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Subject: Algebra

Grade: 8
Unit: 3, lesson 3: Algebraic Operations, Part 2

Miss Zagar

Lesson: Factoring Quadratic Equations

& Finding Zeros
Teacher Intent: To have students work on factoring quadratic equations to find zeros
and graphing quadratic equations.

Objectives: The students will be able to:


Find the maximum point on a graph

Find zeros on a graph
Factor quadratic equations to find zeros
Using zeros, find possible quadratic equations

Processes: Reading graphs, graphing quadratic functions, plotting points on graph

paper, predicting graphs when given zeros, finding formulas.

Academic Standards:
2.4.11.E. Demonstrate mathematical solutions to problems
2.5.11.B. Use symbols, mathematical terminology, standard notation, mathematical rules,
graphing and other types of mathematical representations to communicate observations,
predictions, concepts, procedures, generalizations, ideas and results.
2.8.8.I. Generate a table or graph from a function and use graphing calculators and
computer spreadsheets to graph and analyze functions.

Content: quadratic equations, graphs, factors, zeros

Materials & Equipment: Graphing calculators, geometric sketchpad, graph paper, SB
Warm Up:
1. Students will work on problem at the board about Lauren.
2. Ask:
a. How does the graph show estimates for answers to all the questions?
i. Max height is max point of the graph
ii. Returns to surface when at x-axis.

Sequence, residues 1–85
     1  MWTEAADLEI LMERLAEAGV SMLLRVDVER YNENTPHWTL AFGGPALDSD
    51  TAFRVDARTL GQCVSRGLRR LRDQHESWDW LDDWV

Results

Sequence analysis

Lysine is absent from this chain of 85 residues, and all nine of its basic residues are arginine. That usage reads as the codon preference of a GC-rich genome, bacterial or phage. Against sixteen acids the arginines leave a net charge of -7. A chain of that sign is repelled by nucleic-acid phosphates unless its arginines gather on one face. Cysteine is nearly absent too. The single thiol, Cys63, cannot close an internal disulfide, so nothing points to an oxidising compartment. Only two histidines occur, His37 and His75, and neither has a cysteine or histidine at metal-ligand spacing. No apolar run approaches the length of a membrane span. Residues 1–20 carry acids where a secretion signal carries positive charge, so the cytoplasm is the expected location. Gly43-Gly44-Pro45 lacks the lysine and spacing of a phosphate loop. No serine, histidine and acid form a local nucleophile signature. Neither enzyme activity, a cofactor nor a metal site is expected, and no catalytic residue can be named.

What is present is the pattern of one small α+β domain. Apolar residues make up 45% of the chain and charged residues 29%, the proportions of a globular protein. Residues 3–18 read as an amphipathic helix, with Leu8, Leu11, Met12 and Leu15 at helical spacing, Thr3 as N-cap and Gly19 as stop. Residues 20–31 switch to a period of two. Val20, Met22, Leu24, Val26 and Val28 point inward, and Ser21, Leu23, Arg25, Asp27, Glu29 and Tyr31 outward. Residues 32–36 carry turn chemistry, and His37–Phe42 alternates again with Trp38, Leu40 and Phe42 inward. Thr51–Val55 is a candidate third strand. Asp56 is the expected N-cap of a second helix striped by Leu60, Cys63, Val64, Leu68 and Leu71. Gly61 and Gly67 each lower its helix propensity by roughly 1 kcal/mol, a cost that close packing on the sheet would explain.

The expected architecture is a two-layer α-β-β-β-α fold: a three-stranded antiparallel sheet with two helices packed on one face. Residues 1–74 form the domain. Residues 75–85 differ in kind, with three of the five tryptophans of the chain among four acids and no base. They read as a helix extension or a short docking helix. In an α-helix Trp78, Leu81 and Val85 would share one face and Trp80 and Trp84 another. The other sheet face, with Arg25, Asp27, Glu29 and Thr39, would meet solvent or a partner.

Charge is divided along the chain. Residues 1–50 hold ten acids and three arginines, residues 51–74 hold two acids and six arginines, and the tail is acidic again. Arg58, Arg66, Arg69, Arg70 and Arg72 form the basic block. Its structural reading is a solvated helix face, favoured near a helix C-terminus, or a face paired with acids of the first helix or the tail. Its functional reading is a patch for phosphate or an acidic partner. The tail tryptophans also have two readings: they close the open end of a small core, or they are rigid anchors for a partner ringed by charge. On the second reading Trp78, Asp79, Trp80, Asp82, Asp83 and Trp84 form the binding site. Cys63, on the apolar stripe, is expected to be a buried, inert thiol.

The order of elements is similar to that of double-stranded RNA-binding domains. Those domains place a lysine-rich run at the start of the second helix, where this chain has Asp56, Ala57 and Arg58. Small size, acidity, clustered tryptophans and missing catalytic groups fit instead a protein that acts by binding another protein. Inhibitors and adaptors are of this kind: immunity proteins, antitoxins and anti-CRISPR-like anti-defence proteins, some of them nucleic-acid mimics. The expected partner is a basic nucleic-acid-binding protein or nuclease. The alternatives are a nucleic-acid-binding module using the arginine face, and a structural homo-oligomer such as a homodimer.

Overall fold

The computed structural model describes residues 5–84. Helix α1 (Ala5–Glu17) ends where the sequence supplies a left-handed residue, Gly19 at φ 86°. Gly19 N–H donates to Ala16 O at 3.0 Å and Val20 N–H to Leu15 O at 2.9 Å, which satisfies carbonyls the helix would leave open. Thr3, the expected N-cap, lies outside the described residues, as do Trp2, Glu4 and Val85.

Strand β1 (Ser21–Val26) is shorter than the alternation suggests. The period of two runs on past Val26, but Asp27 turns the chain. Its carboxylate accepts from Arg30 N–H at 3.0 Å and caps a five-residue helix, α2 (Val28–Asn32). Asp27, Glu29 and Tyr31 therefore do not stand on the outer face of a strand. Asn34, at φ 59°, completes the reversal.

b. How could information from the graph be used to derive the function rule
i. Quadratic, so know its a parabola.
3. Explain how the function can be rewritten as h(t) = -8t(2t-3). Lauren returns to the
surface when the height is zero, h(t)=0. When is this? When -8t(2t-3) = 0.
Multiplying, so one or the other equals zero. Solve for t.

4. Maximum height is when at time t=0.75, and h(.75) = 9. Therefore, Lauren

reaches maximum height of 9ft after 0.75 seconds and returns after 1.5 seconds to
the surface of the trampoline.
Continue lesson:
5. When we tried to figure out what time Lauren returned to the surface, we were
looking to find the zero of the function. A zero is an x for which f(x)=0. There can
be multiple zeros. They are the x values of when the function intersects the x-axis.
6. We were able to find these zeros by factoring the equation. Factoring makes it
easier to find the zeros. Today well be factoring more equations and looking at
how we can use these to know what the graphs look like and vice versa.
7. Start with quadratic equations. Factor them. Find the zeros. Graph the zeros and
predict what the graph will look like (using past knowledge such as if it is
negative x squared, it is upside down parabola, etc). Then graph it on calculator
and see if you were correct. Go over the first one. Review Rule: x + ax + bx + ab
= (x + a)(x + b).
8. Now, we will start with zeros and then finding a possible function with those
zeros by multiplying our factors. Graph on calculators. Go over the first one.
9. Bring it back to the original problem: what do these zeros mean? How can we
find zeros of a function? In what other real life situations can they be used?